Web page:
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Dentons' Singapore CEO Philip Jeyaretnam, SC, named "Managing Partner of the Year"
Dentons Global Vice-Chair and Singapore Chief Executive Officer Philip Jeyaretnam, SC, was named "Managing Partner of the Year" at the Asian Legal Business Southeast Asia Awards on May 20, 2016.
Judge rules HHS can't pay cost-sharing subsidies to QHPs, but allows funding to continue
In a May 12, 2016, decision, a US district court judge granted summary judgment to the US House of Representatives on the question of whether funds had been appropriated to pay qualified health plans (QHPs) for reduced cost-sharing subsidies under Section 1402 of the ACA. The court answered in the negative and enjoined "any further reimbursements under Section 1402 until a valid appropriation is in place." However, it stayed the injunction pending any appeal, which the Obama Administration has already indicated it intends to file.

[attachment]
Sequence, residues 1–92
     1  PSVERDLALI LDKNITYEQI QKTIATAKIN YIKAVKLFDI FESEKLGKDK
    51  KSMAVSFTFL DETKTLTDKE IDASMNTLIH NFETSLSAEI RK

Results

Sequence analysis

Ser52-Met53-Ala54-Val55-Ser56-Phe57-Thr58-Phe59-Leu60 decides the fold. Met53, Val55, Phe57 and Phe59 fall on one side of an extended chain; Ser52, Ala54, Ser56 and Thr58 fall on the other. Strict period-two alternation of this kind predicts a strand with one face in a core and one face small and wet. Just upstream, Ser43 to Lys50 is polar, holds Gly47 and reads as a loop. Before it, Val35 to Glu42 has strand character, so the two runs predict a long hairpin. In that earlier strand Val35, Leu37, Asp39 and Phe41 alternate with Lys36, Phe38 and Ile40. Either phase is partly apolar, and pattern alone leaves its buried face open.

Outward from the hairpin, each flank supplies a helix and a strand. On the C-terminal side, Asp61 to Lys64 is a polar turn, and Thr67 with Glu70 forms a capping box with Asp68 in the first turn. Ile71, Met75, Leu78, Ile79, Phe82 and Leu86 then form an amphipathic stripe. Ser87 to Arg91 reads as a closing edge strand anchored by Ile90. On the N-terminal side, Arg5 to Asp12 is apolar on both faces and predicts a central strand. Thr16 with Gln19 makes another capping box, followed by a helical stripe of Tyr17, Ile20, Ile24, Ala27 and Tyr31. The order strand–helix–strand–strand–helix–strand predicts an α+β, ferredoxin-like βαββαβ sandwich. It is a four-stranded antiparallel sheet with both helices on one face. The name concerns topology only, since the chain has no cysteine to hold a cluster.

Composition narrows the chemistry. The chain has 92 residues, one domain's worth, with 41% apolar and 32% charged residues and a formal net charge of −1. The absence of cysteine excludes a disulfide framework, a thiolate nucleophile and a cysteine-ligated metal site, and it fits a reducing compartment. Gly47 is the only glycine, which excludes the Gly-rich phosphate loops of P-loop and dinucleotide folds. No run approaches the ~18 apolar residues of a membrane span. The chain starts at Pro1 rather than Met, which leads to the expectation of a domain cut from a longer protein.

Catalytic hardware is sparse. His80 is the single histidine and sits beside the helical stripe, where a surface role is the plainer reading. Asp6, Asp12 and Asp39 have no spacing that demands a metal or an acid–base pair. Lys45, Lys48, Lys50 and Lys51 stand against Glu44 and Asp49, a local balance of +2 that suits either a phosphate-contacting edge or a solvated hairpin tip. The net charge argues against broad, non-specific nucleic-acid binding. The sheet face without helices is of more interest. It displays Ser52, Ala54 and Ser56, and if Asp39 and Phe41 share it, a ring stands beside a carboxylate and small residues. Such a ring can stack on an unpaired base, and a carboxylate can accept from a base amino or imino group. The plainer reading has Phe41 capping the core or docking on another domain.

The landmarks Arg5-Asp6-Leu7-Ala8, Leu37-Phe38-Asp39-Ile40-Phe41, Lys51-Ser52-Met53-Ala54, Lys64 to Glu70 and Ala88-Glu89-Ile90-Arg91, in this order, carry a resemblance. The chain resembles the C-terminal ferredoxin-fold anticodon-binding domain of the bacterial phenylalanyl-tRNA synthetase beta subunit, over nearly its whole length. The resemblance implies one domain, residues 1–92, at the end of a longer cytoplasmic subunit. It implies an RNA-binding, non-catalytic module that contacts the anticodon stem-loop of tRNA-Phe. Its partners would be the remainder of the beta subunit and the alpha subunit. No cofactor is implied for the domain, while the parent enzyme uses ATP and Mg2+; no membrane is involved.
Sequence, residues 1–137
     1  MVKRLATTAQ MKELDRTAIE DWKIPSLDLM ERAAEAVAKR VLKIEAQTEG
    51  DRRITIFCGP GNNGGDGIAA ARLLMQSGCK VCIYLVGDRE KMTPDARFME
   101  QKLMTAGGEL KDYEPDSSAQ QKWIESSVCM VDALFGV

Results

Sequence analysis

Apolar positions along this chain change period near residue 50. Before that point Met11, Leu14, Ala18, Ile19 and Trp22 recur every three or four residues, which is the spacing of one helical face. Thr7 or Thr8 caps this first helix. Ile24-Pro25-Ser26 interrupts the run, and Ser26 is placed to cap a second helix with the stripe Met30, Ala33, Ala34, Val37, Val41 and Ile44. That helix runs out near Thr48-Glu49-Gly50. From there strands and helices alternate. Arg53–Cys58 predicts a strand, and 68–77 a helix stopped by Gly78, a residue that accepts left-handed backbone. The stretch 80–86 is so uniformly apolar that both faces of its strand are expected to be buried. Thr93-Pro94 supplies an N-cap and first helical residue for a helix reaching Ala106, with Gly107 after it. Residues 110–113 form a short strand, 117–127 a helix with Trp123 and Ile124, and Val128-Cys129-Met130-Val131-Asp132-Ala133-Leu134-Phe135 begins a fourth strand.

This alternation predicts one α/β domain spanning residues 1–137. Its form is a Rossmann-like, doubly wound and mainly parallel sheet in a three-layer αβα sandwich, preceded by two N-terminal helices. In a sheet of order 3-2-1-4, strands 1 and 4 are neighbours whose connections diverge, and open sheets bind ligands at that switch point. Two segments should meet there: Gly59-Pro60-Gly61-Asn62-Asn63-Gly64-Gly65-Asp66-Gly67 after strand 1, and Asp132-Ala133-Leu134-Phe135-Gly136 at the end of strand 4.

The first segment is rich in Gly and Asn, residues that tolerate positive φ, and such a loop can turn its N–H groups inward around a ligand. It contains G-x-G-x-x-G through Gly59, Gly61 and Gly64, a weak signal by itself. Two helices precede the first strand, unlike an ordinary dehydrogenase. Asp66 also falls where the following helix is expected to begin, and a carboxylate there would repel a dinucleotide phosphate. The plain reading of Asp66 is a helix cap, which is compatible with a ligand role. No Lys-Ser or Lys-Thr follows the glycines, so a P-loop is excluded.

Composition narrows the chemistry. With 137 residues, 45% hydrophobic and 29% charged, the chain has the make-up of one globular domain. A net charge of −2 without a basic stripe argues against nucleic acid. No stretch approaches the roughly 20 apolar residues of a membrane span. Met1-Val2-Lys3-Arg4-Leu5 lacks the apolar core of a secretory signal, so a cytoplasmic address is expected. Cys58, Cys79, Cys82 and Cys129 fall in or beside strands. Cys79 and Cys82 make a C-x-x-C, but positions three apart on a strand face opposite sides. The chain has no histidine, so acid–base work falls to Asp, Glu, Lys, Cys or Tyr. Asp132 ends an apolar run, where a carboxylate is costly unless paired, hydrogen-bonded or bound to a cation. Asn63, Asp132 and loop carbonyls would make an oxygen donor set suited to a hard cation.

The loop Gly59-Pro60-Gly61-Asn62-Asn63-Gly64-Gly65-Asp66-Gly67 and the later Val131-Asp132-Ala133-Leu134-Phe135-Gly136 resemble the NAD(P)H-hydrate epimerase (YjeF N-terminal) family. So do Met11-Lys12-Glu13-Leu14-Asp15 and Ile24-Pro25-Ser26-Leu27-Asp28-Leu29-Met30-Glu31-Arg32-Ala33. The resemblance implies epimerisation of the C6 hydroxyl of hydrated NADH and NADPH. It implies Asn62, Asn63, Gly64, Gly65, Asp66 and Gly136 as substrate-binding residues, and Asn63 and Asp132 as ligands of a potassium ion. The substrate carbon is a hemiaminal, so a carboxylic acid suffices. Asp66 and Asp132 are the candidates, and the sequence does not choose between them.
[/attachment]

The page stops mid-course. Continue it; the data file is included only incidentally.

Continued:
Mortgagees take note: the Law Commission thinks you might be special
The Law Commission recently published its consultation paper on updating the Land Registration Act 2002 (the Paper). Among the numerous proposals is one that will be of particular interest to mortgagees: views are invited on limiting the circumstances in which a mortgagee can claim against the Land Registry's indemnity. The effect would be to treat mortgagees as a special category of applicant but not necessarily to their advantage.
Businesses reap the benefits of Environmental Health and Safety improvements
A strong focus on Environmental Health and Safety (EHS) in the UAE is driving positive change on construction projects shaping the Emirates' evolving skyline. While risk is an inevitable part of any building project, effective management of EHS issues is delivering strong benefits for businesses across the industry.
Digital Single Market update – revised cross-border portability of online content services proposal leaked
A revision of the European Commission's proposal and draft Regulation on ensuring the cross-border portability of online content services in the EU has recently been leaked. The proposal provides a useful insight into where things are heading prior to the Regulation being finalised. This update looks at what has changed since the original draft Regulation was released in December 2015, and the implications for media companies.